Life has cycles, ups and downs, peaks and valleys. Recently it seems that we at the Watershed Committee have been riding a rollercoaster. As you may be aware, we are in a capital fundraising effort for the Watershed Center. At times it seems that the momentum of this effort is sort of stuck on a plateau, and then all of the sudden you get a real boost, one that sends you to the next level. It is during the “plateau” times that you start to assess your situation; are we on target, do people know about our project, do people even care? Success in a capital campaign effort is measured in dollars. It is during those times you may even start to get discouraged. Today I received two little boosts that will motivate me personally to keep pushing towards the goals the Watershed Committee has set before us.


The first little boost came when I visited the Watershed Center site and witnessed some major progress on the Fishing Pier project. We have been battling heavy rain patterns all year that have caused the Valley Water Mill lake to fluctuate rapidly and remain full. We were finally able to get the lake drained down this week to a point where the foundations could be poured. This is huge and will help us meet our grant deadlines that are allowing us to complete this project. This type of progress is tangible and easy to get excited about.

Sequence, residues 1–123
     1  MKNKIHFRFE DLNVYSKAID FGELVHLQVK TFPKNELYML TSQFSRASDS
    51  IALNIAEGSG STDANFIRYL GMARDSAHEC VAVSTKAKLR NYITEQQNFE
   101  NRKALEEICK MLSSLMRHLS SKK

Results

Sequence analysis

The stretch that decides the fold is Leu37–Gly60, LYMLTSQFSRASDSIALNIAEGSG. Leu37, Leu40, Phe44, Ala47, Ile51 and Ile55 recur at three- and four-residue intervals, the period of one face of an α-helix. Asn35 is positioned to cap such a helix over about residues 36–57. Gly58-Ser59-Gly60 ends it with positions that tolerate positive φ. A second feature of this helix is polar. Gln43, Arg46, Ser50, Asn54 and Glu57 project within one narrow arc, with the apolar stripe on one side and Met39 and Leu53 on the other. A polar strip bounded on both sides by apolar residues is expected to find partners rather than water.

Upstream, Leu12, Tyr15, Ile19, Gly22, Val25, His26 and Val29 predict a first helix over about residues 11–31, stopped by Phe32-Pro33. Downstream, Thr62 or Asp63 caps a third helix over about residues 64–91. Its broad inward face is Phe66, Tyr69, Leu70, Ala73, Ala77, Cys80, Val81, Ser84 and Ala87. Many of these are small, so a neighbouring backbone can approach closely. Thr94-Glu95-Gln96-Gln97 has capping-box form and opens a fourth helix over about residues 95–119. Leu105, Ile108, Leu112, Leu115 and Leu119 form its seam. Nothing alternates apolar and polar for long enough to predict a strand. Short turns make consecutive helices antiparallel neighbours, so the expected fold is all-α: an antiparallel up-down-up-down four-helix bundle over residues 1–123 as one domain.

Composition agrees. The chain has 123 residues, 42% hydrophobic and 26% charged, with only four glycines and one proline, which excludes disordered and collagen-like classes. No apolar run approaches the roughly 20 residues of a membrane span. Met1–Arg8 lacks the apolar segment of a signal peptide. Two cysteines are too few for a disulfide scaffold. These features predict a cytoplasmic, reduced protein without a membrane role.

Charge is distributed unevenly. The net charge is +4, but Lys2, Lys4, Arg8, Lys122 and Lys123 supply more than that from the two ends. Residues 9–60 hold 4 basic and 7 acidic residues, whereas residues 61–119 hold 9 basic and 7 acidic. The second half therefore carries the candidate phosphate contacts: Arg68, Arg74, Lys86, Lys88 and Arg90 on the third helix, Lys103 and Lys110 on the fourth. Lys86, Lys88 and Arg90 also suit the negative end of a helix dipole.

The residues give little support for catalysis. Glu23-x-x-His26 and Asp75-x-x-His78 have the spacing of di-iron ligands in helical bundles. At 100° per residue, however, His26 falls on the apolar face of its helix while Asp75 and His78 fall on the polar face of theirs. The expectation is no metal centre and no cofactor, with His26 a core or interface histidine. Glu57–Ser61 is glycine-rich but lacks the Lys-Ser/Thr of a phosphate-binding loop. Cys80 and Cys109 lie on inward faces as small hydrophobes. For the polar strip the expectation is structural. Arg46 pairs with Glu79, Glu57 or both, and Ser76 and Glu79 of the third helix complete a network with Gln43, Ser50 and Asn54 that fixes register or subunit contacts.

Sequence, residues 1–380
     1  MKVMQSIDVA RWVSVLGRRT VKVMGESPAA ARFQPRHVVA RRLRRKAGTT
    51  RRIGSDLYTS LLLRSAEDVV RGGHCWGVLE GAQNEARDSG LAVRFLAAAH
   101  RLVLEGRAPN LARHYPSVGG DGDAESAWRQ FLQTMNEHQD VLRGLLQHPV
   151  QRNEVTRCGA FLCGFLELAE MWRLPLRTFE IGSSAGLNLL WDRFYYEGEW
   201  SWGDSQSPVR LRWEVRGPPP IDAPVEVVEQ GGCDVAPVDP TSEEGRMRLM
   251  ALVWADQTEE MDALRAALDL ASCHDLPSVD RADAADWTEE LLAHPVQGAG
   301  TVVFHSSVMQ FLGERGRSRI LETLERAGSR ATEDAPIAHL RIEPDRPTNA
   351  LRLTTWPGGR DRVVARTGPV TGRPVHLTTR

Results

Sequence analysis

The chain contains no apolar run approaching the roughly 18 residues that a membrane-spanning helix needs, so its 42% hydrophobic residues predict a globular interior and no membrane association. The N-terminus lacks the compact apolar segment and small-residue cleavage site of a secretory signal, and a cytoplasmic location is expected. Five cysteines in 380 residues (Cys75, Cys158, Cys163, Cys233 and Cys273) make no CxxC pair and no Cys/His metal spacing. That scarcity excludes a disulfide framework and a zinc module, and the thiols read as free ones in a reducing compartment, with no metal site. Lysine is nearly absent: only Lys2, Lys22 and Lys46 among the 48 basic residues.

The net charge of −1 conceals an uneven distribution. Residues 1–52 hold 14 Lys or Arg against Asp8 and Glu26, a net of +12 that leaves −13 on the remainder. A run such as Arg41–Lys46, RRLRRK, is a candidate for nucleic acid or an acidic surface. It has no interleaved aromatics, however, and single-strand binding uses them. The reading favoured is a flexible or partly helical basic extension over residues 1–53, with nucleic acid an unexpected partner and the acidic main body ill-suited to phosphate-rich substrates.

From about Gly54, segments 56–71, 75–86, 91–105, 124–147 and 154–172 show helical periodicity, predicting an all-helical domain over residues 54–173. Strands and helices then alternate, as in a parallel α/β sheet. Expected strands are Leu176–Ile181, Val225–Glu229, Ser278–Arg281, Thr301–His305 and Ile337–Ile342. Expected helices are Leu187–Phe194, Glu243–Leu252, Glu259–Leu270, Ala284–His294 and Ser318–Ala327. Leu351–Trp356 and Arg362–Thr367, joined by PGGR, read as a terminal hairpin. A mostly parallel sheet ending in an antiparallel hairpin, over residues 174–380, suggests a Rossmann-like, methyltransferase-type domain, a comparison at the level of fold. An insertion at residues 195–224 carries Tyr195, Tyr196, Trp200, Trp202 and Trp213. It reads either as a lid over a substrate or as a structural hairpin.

The second boost came from a not so tangible experience. At a luncheon with fellow “social profit” groups, I met a lady who informed me that the Watershed Committee had impacted her life indirectly through our educational outreach efforts. Often times it is hard to measure the success of your E/O efforts, but every once in a while you run across someone who says:  “thank you for what you do”, “my kids loved visiting the Watershed Center”, “I didn’t know you could save that much water by just shutting off the faucet while I brush my teeth.” Her daughter had a chance to visit the Watershed Center through a summer school program and came home truly excited about water conservation. This excitement affected the whole family. The lady told me that if you reach the kids, you will reach the parents (a philosophy central to the educational efforts of the Watershed Committee). One family was even competing to see who could conserve the most water by taking the quickest showers. What a refreshing experience to know that your organization is contributing to the quality of life Springfield and Greene County residents get to enjoy!